But first let me briefly summarize  Zach’s remarks. He notes that all the researchers he interviewed for the piece are well aware of the ethical dilemmas of such cloning and that each had given serious thought to these matters–even though such clones are clearly somewhere off in the future.

Then Zach took exception to the comparison I made between the science of creating a Neanderthal clone and Stalin’s desire to fabricate an army of “humanzees”,  human-chimpanzee hybrids.   As Zach points out, “this isn’t some mad scientist’s scenario for world domination.”  Cloning research, he points out, is part and parcel of a larger picture of legitimate medical research,  and any heavy-handed legislation to prevent Neanderthal cloning could wreak havoc with projects designed to extend and protect human life.

I see Zach’s points here, and I share his concerns about heavy-handed legislation.  I’d hate to see a law block an entire line of desperately needed medical research.  But having said that,  I still can’t shake off my anxiety about what could happen further down the road if and when science is indeed capable of cloning a Neanderthal.

Even well-meaning scientists, after all,  are unable to foresee all the consequences of their research,  as some have discovered to their rue.   In the 1960s,  for example, Norwegian researchers developed a new and very lucrative technology for ocean net-pen farming of Atlantic salmon.  So great were the profit margins that a bedazzled Canadian government agreed to permit the same technology–with the same fish–on the British Columbia coast.  Large corporations began farming Atlantic salmon in pens off the British Columbia coast in 1984, leading to the escape of tens of thousands of these alien fish into the  Pacific Ocean.  Today Atlantic salmon gobble up wild food and threaten native salmon species.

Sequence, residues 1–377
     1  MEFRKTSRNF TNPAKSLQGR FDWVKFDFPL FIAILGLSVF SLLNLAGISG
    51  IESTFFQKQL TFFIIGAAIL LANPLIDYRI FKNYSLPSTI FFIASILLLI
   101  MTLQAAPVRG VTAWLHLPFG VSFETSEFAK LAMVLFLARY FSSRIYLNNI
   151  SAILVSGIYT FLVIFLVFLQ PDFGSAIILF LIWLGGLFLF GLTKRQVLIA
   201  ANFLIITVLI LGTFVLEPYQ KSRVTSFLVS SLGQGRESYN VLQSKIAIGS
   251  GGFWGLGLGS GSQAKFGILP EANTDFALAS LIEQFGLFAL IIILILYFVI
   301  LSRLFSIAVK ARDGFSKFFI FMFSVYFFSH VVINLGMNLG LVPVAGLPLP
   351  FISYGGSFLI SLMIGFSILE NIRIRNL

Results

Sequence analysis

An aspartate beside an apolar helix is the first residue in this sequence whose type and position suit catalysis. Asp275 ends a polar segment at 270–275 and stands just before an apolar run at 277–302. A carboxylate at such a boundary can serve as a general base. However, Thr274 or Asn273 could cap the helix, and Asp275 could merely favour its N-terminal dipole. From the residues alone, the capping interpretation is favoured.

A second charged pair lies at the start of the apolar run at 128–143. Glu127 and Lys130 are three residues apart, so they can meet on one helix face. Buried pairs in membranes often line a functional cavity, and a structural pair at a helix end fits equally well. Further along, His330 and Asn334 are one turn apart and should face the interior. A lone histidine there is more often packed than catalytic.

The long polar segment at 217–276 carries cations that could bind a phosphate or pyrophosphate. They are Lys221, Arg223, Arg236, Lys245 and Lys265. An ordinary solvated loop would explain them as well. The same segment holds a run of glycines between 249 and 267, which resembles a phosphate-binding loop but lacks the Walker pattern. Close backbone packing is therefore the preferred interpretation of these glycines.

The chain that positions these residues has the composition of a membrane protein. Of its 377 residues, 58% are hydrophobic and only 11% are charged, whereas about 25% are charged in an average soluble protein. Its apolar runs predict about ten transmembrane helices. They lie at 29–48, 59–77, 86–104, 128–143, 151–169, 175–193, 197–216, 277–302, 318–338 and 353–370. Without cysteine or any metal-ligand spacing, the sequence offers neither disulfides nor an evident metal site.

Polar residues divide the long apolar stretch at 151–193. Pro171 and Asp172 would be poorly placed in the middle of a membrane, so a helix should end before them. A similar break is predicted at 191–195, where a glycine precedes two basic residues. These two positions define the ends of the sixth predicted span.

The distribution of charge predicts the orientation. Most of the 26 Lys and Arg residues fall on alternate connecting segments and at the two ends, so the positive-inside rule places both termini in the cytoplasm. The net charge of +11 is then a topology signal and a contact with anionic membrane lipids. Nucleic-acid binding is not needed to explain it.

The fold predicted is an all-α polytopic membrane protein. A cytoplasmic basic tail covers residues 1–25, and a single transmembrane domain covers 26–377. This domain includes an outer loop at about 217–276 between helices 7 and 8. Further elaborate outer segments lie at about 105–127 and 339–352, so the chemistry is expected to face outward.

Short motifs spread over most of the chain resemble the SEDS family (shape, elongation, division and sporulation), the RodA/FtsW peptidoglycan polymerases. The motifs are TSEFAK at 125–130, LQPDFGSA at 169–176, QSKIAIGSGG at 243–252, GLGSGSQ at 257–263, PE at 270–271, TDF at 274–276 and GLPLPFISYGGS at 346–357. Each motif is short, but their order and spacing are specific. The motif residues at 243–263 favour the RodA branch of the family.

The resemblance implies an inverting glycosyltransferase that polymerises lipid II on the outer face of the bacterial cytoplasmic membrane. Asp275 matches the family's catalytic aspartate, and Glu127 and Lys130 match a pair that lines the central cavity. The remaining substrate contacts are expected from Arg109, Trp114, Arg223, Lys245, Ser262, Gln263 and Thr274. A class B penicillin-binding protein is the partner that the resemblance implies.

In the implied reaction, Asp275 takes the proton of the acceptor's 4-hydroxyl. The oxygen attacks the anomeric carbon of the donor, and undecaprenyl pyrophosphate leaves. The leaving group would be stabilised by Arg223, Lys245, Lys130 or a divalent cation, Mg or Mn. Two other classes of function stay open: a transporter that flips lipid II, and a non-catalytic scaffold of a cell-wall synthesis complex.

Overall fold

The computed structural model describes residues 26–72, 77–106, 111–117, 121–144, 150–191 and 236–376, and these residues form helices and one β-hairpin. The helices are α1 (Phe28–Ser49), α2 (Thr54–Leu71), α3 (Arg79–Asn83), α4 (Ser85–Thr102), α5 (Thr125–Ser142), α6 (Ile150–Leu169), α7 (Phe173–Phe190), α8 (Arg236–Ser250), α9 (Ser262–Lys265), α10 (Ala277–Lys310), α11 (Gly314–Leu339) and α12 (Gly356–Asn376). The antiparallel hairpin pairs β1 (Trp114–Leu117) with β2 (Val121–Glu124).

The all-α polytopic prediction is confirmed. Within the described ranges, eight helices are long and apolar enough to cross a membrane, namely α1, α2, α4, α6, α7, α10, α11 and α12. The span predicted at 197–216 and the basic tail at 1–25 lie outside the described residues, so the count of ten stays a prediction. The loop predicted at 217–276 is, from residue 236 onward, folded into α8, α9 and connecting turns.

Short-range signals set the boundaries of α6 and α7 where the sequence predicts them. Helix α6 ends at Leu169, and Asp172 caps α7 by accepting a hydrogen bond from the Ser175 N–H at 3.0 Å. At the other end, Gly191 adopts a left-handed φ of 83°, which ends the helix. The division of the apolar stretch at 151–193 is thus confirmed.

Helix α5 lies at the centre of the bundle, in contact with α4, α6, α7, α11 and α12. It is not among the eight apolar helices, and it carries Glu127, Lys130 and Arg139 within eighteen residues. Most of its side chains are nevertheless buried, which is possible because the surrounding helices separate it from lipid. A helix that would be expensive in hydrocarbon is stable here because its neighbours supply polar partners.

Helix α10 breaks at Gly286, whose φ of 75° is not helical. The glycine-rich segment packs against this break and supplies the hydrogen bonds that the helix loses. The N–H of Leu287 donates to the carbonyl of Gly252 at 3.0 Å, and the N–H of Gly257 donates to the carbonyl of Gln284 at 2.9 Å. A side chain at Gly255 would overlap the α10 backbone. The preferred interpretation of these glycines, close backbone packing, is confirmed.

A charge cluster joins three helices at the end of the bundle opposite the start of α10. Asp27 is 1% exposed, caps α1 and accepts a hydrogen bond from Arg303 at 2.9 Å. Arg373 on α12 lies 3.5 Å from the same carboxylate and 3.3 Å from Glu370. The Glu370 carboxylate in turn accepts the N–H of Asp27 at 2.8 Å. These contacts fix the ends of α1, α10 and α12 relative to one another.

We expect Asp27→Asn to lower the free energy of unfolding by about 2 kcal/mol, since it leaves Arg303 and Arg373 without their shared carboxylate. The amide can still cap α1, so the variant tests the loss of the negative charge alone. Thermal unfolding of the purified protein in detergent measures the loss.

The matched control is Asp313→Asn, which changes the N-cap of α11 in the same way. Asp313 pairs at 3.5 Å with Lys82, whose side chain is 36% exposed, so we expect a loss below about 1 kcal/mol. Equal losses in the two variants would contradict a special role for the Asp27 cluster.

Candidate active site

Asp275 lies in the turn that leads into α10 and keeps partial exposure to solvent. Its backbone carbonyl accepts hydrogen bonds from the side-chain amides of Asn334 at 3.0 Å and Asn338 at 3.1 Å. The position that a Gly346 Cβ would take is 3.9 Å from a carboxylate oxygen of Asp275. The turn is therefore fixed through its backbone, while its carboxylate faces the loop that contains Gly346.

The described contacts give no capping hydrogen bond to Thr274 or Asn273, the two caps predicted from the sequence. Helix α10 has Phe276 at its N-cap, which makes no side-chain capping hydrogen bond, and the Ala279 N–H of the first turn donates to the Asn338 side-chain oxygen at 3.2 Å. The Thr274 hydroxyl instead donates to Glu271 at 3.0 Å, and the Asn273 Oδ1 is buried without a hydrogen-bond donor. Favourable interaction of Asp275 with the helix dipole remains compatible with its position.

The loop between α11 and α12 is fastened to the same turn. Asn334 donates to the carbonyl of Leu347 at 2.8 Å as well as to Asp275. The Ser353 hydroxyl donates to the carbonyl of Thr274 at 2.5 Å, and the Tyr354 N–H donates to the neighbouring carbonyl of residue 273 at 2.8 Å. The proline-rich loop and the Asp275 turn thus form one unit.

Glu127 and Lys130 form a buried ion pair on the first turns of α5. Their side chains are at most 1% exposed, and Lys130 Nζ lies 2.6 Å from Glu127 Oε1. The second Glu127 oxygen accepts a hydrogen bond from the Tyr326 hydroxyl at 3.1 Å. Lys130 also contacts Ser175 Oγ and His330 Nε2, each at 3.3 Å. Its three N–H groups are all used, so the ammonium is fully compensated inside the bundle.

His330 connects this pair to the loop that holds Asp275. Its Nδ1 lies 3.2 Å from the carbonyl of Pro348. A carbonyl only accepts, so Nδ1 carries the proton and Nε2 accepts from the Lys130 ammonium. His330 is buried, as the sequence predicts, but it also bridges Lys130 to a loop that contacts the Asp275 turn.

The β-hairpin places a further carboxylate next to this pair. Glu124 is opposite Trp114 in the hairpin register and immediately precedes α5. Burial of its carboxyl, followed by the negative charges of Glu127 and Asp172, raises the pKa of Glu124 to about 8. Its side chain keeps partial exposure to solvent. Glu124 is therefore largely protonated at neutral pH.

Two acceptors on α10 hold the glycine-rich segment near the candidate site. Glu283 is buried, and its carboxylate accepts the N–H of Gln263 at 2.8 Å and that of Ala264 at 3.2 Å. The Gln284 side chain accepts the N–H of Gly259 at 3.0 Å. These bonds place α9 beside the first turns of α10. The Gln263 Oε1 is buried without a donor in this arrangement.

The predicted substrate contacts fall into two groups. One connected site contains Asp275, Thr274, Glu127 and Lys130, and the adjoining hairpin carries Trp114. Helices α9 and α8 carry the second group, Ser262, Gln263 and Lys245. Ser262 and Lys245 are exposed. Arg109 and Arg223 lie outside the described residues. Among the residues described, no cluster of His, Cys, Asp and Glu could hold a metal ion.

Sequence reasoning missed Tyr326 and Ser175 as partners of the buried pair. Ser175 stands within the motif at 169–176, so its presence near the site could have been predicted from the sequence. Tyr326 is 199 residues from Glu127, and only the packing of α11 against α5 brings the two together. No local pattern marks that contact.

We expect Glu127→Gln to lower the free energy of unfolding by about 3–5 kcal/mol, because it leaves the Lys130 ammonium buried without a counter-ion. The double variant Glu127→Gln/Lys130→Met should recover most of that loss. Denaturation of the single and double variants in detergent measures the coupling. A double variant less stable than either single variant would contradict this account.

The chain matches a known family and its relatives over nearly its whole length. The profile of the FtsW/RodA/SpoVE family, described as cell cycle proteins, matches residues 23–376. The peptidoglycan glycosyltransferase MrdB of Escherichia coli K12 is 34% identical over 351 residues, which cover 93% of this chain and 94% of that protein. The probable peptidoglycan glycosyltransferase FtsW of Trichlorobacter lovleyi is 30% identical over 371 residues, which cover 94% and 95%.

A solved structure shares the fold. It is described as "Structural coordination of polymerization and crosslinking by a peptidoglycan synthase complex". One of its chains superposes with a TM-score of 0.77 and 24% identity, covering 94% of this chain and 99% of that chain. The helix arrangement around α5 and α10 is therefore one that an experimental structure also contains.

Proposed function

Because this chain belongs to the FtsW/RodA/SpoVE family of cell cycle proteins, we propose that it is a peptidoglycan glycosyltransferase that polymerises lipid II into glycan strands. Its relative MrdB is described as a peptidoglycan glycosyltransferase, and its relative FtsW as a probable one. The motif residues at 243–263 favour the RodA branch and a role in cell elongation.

So even when guided by the best of all possible intentions,  scientists can create futures they never envisioned.  And it seems to me that when the stakes include the creation of another of our close human relatives that we need to exercise extra special care.  I think that means taking  into account worse -case scenarios, even one as dire as the intentional creation of Neanderthal clones by a malevolent political regime for the purpose of slave labor.

As Zach notes in his comments (and  I should mention in the interests of full disclosure that I know Zach and that he is my editor at Archaeology), my worst-case scenarios do indeed draw on the research I did for my book on Hitler’s archaeologists.  In fact, one of the things that struck me most forcibly during my four years of research and writing on the book was how terribly susceptible science is to political influence.

Most scientists need laboratories,  expensive research equipment,  and academic appointments  in order to pursue their research.  Corrupt regimes know this and they reward pliable scientists with prestigious jobs and ample research funds.  Conversely, they weed out their opponents from universities and cut off their research funding.  In Nazi Germany,  these simple strategies convinced many scientists to pursue lines of state-approved racial research that they would probably have never considered otherwise.   It could certainly happen again.

All this is to say I’m very uneasy with where this cloning research might lead us in the years to come.  I’d like to see legislators at the UN draw a line in the sand.  Cloning research for medical purposes is an important pursuit.  I’m all in favor of it.   But we should never allow cloning experiments to create Neanderthals.


Why We Should Worry about Neanderthal Clones

Should we clone Neanderthals?  That’s the provocative question that science writer and editor Zach Zorich poses in the forthcoming issue of Archaeology,  hitting the news stand on February 15th.  I received an advance copy late last week and read Zorich’s article this weekend. I’ve been thinking about this question ever since, and already I have arrived at my own  answer.  No.  No.  NO.

First of all,  I should point out that this is not a pie-in-the-sky question.  Zorich interviewed an impressive A-list of researchers–including geneticists who are sequencing the Neanderthal genome and leading paleoanthropologists who study ancient hominins–and some clearly believe that a cloned Neanderthal awaits us somewhere down the line.